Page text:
day and many for at least one day.
Fair Board President and Manager
Bob Cooper is enthusiastic about the
outlook for success of the fair, starting
under bright, sunny skies. All mem-
bers of the fair board, department
heads and committee chairmen have
been working for weeks toward the
goal of a successful fair, he said.
75 YEARS AGO
Aug. 10, 1944
Daniel C. Bartlett, Inspector, Uma-
tilla Ordnance Depot, received serious
injuries and is in the McCaw hospital
in Walla Walla following a mishap
while attempting to destroy unser-
viceable ammunition at the ordnance
depot last Friday morning.
HH ﬁ le photo
Manuel Lopez shows oﬀ his new Hermiston watermelon at a fruit stand in 1994.
Robert W. Bailey, munitions han-
dler, received minor burns and
returned to work. Mr. Bartlett’s con-
dition is considered excellent, accord-
ing to reports received here this week.
A post card from Mr. Bartlett to the
Herald Thursday morning had this to
say: “Improving steadily from shock.
Will be seeing you soon... I wish to
publicly express my sincere appre-
ciation to Col. A.S. Buyers, the sur-
veillance section and many other true
friends for their expressions of sympa-
thy and condolences since the unfor-
tunate and painful accident last Friday
morning. Your kind acts will always
2) O.W. Pedigo, Hermiston,
received a letter from his brother, S/
Sgt. Ernie Pedigo, this week stating
that he had recently received a shrap-
nel wound in his face. He writes,
“They grafted on new skin and you
would never notice it.” About a year
ago a piece of shrapnel went into his
right side and out the left. At that time
he spent six week in a hospital.
About the latter incident he writes,
“I came out of the hospital as good
as new but a lot madder. The hospi-
tals are the best in the world. Each
one specializes in one kind of wound.
Last month I directed artillery ﬁ re
and counted 32 dead. So I guess I got
even. It wasn’t nice to see so many
dead but I wish there had been more.”
100 YEARS AGO
Aug. 9, 1919
Rotten mail service by the routing
of trains No. 1 and 2 over the Coy-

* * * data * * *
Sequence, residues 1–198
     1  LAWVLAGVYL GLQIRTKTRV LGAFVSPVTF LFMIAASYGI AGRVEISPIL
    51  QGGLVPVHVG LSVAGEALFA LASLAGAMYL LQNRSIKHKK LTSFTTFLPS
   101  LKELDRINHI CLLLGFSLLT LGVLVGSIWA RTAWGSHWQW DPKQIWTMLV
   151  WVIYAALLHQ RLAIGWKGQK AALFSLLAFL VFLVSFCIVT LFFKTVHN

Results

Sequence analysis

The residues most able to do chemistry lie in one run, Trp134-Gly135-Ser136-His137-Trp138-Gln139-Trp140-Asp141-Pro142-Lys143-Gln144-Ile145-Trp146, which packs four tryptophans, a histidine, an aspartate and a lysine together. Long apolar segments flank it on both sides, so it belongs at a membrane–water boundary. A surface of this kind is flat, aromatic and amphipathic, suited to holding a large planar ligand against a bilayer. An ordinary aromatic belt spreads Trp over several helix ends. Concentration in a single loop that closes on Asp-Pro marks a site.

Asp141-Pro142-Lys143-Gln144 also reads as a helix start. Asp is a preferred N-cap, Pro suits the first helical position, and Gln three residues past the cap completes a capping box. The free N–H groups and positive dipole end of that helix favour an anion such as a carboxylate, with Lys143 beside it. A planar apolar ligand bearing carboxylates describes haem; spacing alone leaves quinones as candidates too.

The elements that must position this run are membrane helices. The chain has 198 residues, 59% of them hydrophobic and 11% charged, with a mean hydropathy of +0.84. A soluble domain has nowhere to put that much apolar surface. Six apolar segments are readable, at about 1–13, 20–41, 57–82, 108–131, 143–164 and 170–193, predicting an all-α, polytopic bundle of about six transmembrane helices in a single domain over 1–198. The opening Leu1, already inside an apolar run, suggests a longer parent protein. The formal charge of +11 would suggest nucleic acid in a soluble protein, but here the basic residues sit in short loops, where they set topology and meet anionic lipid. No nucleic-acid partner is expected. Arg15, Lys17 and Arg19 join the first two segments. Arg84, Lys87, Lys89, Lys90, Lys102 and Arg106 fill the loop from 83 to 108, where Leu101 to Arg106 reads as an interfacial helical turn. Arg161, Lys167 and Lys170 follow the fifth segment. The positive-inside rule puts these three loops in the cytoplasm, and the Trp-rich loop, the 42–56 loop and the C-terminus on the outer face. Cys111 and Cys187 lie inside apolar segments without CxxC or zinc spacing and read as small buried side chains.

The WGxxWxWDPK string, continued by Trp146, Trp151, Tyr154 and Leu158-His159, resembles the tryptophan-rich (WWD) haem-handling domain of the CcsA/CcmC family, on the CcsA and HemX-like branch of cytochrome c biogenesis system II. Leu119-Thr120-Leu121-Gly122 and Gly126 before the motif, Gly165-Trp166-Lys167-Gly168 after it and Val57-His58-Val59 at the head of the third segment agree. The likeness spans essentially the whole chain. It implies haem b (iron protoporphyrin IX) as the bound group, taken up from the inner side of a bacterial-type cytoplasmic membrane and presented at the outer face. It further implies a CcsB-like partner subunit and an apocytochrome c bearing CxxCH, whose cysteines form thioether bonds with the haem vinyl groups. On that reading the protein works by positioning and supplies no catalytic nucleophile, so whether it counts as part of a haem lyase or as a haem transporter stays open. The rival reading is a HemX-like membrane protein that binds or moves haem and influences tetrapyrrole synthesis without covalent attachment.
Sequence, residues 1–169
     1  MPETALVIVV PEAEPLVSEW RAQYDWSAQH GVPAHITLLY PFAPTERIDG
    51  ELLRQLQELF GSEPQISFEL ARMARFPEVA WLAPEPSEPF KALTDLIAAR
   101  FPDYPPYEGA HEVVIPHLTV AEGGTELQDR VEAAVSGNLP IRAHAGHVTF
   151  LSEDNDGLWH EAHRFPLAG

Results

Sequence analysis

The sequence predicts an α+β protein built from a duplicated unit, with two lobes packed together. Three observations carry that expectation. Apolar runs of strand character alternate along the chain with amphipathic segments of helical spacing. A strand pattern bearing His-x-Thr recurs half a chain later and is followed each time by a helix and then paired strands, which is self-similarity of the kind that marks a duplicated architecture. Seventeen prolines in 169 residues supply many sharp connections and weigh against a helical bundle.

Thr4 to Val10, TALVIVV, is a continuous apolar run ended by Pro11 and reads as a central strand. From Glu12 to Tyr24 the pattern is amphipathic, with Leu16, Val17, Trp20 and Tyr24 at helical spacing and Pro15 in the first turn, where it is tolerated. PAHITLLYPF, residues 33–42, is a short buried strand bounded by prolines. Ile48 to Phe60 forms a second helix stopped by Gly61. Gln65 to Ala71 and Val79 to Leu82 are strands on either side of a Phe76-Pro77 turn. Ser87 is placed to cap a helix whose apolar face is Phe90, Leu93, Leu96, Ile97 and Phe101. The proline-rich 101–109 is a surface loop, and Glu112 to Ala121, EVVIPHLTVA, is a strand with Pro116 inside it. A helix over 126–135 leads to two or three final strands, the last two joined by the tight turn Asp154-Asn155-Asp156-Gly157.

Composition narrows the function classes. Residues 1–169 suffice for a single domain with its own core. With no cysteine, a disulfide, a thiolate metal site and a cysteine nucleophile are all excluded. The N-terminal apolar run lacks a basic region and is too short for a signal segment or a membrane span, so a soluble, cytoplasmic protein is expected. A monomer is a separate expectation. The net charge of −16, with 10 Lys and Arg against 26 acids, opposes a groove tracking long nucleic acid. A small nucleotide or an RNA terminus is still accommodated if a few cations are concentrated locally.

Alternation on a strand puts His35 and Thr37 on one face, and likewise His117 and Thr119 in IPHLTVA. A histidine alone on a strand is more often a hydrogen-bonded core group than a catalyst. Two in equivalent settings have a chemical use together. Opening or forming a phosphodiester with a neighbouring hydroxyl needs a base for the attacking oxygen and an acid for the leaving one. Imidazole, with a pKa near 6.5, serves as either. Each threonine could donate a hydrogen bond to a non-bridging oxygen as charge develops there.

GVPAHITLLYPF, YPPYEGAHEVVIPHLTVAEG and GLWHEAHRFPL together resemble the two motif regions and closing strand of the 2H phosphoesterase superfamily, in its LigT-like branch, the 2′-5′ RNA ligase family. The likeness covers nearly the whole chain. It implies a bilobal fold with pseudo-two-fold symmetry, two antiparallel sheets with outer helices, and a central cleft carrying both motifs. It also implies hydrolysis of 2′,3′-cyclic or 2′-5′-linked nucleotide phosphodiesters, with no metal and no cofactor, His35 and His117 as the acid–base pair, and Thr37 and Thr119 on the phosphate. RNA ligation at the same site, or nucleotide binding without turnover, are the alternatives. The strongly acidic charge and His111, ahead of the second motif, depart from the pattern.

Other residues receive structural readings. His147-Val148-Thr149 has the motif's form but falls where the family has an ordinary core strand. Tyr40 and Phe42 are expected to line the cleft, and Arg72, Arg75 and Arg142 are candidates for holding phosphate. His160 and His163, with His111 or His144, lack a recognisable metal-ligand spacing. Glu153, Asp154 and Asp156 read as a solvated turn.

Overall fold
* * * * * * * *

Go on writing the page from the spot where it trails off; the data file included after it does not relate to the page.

ote cutoff in a change of schedule was
the all-absorbing theme among the 21
persons that attended the Commercial
Club dinner at the Hermiston Hotel
Not alone has Hermiston’s mail
service suffered by this abominable
change, but also the express business
that has been carried on between here,
Irrigon, Boardman and other points.
At the dinner it was claimed that the
railroad administration by this act had
taken away a hereditary right from the
people of the project, from the fact
that these local trains have been on
this run for a long time.
Most of those present wanted to
know why in thunder the aforesaid
administration did not route passenger
trains No. 18 eastbound and No. 17
westbound, over the cutoff, and leave
the standby trains to follow their local
schedule. As the schedule now stands
it can readily be seen by the following
summary that it is the worst service
we have had since Hermiston was in
DHS rocks spring horse fundraiser
Tickets available at this
By TAMMY MALGESINI
The Department of
Human Services Child Wel-
fare program is roping in
another fundraiser to help
support its foster parent and
child fund. Money raised
will be used for Cabin Fever
for Kids, a foster child/fam-
ily event in February.
The unique rafﬂ e offers
people an opportunity
to wrangle in one of two
heavy-duty spring rock-
ing horses. Marvin Ham-
ilton, a DHS certiﬁ er, said
the spring horses were cre-
ated with small children in
mind. They can accommo-
date kids weighing between
Brando, last year’s raf-
ﬂ e horse, brought in nearly
$900. The inaugural Cabin
Fever for Kids event, held
this past winter in Herm-
iston, drew 140 foster par-
Photo contributed by Marvin Hamilton
The Department of Human Services Child Welfare program
is selling raﬄ e tickets for a pair of heavy-duty spring horses.
The fundraiser beneﬁ ts the foster parent and child fund.
ents, children and volun-
teers. They enjoyed food,
educational booths and
“The horse rafﬂ ed off
last year was such a suc-
cess that we made two this
year for the rafﬂ e,” Ham-
ilton said. “The horse paid
for everything for our Cabin
It is the policy of the Hermiston Herald to correct errors
as soon as they are discovered. Incorrect information
include “Princess Uni-
corn Pony,” which features
long ﬂ owing pink hair and
golden hooves. The second
is “Mini Mustang Pony,”
brown and white and sport-
ing long brown hair.
Hamilton said the proj-
ect was a community effort.
Parts were donated from the
will be corrected on Page 2A. Errors commited on
the Opinion page will be corrected on that page.
Corrections also are noted in the online versions
Hermiston Goodwill store
and labor was provided
by Hamilton, his DHS
co-worker, Jason Bremner;
Bremner’s son, Gavin
Payne; and Lani Hamilton
and Tile Poumele, mem-
bers of the Firestarter Youth
Group from The County
Rafﬂ e tickets are $5 each
or ﬁ ve tickets for $20. They
can be picked up at the DHS
fair booth this week at East-
ern Oregon Trade and Event
Center, 1705 E. Airport
Road, Hermiston. Look for
Booth 32, which is located
in EOTEC’s main building.
In addition, tickets can be
purchased from certiﬁ ers at
DHS ofﬁ ces in Hermiston,
Pendleton and Boardman,
or by calling 541-564-4484.
The rafﬂ e drawings for
“Princess Unicorn Pony”
and “Mini Mustang Pony”
will be held after Pendleton
Round-Up in mid-Septem-
ber. For more information,
contact Hamilton at 541-
564-4484 or marvin.hamil-
of our stories. Please contact the editor at editor@
hermistonherald.Com or call (541) 564-4533 with
issues about this policy or to report errors.